Yet I suspect that our best hope for prevailing in the struggle for the souls of our colleges and universities may be engaging in a Rabbinic commitment to the mastery of the worldview-forming, character-shaping narratives of Scripture. I am not talking about a lightweight devotional band-aid, but an intellectually challenging and spiritually enriching student-teacher dialogue that dominates our campus culture and captures the hearts minds our students. Anything less may result in a cultural exile from which we will never return.

Chaim Potok gave voice to a more modern expression of this sentiment in his novel, In the Beginning: “If the Torah cannot go out into your world of scholarship and return stronger, then we are all fools and charlatans. I have faith in the Torah. I am not afraid of truth.”

As N.T. Wright challenges us: “If the gospel of Jesus is not the key to this task, then what is?  If not us, then who? If not now, then when?”

 

Next post in the series: With Prayer in the School of Christ: The Liberal Arts and the Knowledge of God.

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To read series from the beginning go to:

The Holy Spirit and the Liberal Arts: Two Handed Higher Education.

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Notes

Wilhelm Bacher, Tradition und Tradenten in den Schulen Palästinas und Babyloniens: Studien und Materialien zur Entstehungsgeschichte des Talmud. (Berlin: W. de Gruyter, 1966).

Bruce Chilton, and Jacob Neusner, “Paul and Gamaliel.” In, Alan J. Avery-Peck, ed. Review of Rabbinic Judaism. (Leiden: Brill, 2005).

Marc G. Hirshman, The stabilization of rabbinic culture, 100 C.E.-350 C.E.: texts on education and their late antique context (Oxford: Oxford University Press, 2009).

James Davidson Hunter, To change the world: the irony, tragedy, and possibility of Christianity in the late modern world. (New York: Oxford University Press, 2010).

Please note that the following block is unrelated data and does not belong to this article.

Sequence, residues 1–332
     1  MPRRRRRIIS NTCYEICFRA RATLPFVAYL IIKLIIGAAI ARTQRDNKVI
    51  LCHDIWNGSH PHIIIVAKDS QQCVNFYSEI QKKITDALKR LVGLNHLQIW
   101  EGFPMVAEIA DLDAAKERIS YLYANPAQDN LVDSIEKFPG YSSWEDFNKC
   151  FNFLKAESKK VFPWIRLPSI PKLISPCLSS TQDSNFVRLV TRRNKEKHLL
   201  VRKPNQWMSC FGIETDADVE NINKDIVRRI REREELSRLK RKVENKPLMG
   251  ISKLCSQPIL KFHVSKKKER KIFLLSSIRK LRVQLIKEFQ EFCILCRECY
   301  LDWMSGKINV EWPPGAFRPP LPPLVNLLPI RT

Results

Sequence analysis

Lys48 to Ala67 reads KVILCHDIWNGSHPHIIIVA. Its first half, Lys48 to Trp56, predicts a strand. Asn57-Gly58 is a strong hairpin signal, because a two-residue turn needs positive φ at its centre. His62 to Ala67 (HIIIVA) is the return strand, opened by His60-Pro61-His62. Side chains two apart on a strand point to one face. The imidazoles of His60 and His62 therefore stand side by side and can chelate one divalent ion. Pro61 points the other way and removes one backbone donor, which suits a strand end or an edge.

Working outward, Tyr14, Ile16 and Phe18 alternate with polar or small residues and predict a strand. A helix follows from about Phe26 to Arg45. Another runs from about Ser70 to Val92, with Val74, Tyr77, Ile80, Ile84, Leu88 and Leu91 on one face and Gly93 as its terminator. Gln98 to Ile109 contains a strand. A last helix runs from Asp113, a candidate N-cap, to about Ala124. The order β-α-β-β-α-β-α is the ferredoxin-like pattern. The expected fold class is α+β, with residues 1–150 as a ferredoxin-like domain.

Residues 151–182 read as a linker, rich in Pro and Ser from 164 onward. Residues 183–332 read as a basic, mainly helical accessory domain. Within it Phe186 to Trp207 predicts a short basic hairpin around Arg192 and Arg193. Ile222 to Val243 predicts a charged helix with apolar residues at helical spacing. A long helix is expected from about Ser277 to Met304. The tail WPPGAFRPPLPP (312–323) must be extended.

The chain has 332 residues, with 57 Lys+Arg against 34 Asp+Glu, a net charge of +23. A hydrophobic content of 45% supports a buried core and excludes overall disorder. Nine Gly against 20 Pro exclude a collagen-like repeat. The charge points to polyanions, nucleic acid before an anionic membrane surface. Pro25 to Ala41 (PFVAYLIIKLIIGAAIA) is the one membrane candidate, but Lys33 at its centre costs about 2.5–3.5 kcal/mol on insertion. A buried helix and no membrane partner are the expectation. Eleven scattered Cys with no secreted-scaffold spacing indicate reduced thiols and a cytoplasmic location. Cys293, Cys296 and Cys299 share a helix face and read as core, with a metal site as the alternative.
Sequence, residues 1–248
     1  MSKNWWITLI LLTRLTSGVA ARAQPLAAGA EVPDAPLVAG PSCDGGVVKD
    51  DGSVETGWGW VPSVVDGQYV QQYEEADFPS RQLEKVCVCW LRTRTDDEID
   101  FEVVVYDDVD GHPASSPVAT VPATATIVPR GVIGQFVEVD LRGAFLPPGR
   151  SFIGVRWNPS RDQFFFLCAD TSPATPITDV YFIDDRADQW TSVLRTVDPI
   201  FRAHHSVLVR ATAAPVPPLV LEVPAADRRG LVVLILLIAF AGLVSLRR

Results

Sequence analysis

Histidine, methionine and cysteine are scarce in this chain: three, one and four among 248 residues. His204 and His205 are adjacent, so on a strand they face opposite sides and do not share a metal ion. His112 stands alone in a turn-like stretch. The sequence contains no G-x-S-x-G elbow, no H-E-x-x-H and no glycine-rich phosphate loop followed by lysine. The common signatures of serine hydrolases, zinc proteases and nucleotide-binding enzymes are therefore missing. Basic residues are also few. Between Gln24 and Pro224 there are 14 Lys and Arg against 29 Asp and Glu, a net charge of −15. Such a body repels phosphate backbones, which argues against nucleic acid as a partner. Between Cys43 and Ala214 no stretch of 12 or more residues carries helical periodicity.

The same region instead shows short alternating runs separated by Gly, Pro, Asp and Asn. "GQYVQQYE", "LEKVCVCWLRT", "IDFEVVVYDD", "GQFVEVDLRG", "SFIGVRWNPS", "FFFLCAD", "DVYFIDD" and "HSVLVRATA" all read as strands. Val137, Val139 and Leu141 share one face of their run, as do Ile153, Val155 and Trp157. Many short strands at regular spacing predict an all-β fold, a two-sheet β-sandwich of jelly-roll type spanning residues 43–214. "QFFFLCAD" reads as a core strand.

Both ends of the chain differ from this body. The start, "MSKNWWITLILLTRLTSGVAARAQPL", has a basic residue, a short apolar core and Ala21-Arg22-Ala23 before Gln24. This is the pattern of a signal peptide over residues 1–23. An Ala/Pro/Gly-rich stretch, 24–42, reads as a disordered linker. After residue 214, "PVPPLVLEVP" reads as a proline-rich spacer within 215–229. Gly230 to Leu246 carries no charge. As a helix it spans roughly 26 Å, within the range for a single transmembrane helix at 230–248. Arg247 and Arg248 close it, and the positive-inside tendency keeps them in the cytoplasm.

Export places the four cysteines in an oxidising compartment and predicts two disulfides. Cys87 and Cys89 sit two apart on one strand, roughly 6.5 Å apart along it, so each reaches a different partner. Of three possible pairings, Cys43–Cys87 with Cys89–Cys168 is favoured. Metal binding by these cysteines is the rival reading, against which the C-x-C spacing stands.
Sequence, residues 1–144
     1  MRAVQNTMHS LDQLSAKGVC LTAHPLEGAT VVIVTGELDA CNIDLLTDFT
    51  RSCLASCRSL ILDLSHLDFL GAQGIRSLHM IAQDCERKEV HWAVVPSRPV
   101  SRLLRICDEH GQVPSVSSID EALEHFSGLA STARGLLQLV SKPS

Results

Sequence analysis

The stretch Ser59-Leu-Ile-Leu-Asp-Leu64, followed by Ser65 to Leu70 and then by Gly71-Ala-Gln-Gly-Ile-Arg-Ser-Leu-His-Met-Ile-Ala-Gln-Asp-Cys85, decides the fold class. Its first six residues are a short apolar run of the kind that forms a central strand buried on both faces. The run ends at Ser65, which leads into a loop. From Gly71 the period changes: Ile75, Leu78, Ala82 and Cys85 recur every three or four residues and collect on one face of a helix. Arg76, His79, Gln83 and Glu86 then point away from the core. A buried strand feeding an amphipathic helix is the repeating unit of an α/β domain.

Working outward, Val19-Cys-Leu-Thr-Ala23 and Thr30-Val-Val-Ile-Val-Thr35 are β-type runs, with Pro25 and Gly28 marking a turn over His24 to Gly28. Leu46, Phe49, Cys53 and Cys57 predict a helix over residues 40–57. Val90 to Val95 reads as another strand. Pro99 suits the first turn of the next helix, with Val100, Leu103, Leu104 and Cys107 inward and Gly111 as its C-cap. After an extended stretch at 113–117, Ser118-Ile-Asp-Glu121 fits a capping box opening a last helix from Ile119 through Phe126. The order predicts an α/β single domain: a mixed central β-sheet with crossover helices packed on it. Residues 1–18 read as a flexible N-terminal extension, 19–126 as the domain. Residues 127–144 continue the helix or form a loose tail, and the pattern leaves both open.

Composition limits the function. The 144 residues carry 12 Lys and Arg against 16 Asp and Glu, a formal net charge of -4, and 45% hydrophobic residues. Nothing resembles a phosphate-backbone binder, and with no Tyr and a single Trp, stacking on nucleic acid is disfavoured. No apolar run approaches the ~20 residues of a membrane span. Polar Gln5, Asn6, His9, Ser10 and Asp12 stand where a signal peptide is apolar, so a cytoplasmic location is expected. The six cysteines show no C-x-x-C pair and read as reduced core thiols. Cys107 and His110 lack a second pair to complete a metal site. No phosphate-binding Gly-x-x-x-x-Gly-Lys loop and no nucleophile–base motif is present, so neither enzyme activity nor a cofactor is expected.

Jacob Neusner, The four stages of rabbinic Judaism (London: Routledge, 1999).

Chaim Potok, In the beginning. (New York: Knopf, 1975).

Christian Smith, and Melinda Lundquist Denton. Soul searching: the religious and spiritual lives of American teenagers. (Oxford: Oxford University Press, 2005).

Richard Valantasis, Douglas K. Bleyle, and Dennis C. Haugh, The Gospels and Christian life in history and practice (Lanham, Md: Rowman & Littlefield Publishers, 2009).

Ray Vander Laan, Stephen Sorenson, and Amanda Sorenson. In the dust of the rabbi: 5 faith lessons. (Grand Rapids, Mich: Zondervan, 2006). See also, Ray Vander Laan’s excellent website, Followtherabbi.com.

N.T. Wright. The Challenge of Jesus: rediscovering who Jesus was and is. (Downers Grove, Ill: InterVarsity Press, 1999.)

The Illusion of Respectability, by Allen Guelzo

A wonderful piece from one of my favorite historians

Our mission is simple. And it means death to one of our greatest lusts.

by Allen Guelzo, PhD in Christianity Today

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Allen Guelzo of Gettysburg Colllege

It is very nearly four decades since, as a terribly callow graduate student with an interest in philosophy, I made a pilgrimage with a friend to the home of a professor of Christian apologetics. I was looking for direction, and even though Cornelius Van Til had been retired for many years, he was known to welcome inquirers—whom he often greeted on his front porch with a rake in hand, suggesting that perhaps they could pile-up his leaves for him before they talked.